Progress Energy's Vinny Dolan, who has been tasked with making the "blueprint for regional economic development" happen, is absolutely right when he says you need accountability. I say, not one dime of taxpayer money should be paid out for this type of activity until it is in writing that the companies that receive assistance will pay it back, with interest, if they or the jobs they create go away.
Russell J. Watrous, Land O'Lakes
The end of an era | Jan. 24
In defense of baby boomers
I couldn't resist responding to the letter writer's opinion regarding "the end of an era" for baby boomers and her statement that our great achievements were bringing us hippies, pot and "telling off the man." Sure, our generation has more than its share of flaws but we brought a few more things to the table than this writer suggests. For starters, our era has witnessed desegregation, civil rights legislation, equal pay for equal work, stopping an unjustified and divisive war in Vietnam, and the unmaking of a paranoid, bigoted president, Richard Nixon.
We enjoyed the advent of MRI and CT scans, heart bypass surgery, joint prosthetics and too many other medical devices to mention. We can view and record hundreds of TV channels, listen to satellite radio and communicate with mobile phone and computer devices. Maybe that's what the writer meant by, "Thanks for the Internet."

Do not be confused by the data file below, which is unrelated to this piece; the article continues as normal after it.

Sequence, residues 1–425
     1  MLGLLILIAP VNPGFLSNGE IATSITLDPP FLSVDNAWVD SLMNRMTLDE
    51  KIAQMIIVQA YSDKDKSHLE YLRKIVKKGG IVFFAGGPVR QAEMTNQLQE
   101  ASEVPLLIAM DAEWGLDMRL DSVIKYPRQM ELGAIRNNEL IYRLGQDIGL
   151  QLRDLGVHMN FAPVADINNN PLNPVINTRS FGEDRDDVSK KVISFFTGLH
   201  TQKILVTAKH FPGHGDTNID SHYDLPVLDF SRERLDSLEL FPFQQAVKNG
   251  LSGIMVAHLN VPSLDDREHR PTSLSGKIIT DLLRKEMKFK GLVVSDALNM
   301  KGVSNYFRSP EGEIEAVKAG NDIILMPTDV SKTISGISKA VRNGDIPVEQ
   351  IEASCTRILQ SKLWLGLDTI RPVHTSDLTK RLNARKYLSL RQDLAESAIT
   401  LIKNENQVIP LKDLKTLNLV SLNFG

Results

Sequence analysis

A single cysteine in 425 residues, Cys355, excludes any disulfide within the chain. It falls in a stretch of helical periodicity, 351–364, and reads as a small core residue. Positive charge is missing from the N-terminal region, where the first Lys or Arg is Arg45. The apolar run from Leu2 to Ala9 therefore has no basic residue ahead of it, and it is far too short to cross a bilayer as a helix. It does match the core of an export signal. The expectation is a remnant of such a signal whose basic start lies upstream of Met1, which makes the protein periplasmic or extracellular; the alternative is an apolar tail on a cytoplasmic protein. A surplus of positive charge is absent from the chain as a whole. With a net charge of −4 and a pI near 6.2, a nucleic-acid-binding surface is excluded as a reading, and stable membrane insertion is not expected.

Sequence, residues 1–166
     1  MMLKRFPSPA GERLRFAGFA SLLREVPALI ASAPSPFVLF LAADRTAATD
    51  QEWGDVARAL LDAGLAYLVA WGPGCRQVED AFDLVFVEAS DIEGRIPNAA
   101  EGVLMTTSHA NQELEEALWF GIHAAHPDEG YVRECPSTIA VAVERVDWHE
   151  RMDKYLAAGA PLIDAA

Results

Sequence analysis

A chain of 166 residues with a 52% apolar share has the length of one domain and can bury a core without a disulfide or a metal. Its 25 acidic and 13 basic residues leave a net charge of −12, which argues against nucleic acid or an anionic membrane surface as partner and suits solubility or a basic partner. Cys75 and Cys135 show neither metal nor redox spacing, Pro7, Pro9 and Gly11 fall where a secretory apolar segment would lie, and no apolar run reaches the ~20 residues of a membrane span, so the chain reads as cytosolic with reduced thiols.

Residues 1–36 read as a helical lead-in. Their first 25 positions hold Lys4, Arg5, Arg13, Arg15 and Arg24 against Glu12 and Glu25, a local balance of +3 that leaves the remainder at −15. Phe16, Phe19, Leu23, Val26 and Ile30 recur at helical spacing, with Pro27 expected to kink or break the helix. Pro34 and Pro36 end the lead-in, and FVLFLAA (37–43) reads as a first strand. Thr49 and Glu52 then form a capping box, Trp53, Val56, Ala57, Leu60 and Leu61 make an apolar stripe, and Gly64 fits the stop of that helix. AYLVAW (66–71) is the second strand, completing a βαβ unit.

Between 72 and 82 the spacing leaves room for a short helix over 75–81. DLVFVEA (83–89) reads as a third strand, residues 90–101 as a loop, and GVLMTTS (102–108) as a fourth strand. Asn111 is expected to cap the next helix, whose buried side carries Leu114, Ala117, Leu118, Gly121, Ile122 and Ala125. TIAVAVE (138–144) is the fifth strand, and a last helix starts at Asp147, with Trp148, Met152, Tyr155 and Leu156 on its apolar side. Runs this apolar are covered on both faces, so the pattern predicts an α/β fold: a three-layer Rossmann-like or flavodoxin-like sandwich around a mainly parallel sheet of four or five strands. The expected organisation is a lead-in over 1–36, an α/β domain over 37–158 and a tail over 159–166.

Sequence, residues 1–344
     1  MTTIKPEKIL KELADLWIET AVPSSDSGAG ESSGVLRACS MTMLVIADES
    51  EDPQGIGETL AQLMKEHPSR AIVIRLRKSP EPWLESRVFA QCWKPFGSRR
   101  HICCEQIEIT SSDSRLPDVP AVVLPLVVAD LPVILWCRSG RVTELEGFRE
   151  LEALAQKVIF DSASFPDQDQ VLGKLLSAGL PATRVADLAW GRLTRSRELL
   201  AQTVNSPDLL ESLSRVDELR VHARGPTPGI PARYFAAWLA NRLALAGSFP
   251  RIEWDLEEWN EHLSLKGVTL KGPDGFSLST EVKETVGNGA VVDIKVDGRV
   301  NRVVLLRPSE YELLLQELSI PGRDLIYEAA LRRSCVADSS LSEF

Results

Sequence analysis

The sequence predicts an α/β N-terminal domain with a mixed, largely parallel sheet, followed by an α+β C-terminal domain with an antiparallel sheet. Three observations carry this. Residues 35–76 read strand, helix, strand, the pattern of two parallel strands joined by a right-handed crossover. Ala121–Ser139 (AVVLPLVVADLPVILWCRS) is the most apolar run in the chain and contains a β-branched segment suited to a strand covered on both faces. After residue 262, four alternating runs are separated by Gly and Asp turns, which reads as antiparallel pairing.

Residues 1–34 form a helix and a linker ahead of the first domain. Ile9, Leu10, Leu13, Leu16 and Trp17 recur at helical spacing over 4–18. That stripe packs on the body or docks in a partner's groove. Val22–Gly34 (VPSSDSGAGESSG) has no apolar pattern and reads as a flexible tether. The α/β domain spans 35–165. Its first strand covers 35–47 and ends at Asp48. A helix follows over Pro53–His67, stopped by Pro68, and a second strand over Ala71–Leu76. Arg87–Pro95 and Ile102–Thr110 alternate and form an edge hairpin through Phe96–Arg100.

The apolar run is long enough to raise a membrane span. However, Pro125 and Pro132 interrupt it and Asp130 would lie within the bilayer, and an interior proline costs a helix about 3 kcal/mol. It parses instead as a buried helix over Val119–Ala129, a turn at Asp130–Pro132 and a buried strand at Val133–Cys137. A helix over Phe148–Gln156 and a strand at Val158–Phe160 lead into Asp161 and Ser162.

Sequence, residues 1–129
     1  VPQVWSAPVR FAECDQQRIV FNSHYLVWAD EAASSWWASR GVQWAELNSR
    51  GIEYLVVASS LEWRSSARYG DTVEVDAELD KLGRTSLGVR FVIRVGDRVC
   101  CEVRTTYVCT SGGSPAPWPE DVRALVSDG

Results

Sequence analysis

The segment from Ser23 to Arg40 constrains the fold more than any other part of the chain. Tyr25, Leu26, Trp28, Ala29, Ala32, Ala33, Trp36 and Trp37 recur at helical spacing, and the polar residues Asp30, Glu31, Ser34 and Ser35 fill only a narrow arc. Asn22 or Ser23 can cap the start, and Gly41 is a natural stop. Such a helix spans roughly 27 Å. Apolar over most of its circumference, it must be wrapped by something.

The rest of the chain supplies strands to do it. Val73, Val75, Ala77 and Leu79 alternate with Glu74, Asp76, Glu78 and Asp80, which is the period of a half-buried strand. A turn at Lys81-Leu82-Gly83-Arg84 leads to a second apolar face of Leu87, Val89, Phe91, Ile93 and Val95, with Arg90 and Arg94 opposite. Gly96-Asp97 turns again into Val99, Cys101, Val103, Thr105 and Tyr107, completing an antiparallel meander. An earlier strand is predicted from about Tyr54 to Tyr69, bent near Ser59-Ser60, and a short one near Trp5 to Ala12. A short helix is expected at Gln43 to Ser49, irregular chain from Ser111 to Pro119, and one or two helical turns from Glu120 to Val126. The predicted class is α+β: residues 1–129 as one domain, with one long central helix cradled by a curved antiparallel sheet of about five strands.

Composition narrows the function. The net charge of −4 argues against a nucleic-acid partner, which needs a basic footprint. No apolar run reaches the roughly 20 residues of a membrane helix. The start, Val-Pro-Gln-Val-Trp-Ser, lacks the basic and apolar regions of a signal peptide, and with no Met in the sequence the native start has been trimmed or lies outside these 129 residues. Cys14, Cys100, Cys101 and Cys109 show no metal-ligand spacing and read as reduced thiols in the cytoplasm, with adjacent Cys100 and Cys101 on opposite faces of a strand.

Since around 2000 we have become a little cranky and loud. After eight years with George Bush, another useless war in Iraq, no standard-of-living pay increases for 10 years and the near collapse of our economy, we're a little irritated. Not to mention the loss of 30 to 50 percent value of our retirement investments and the real estate and employment busts.
Perhaps the writer would prefer to live in a time where her only viable options were housewife, secretary or bookkeeper at a salary of 50 percent of a man's. Then she could enjoy her three TV stations or listen to AM radio. Boy, those were the good old days.
P.S. Curry, Seminole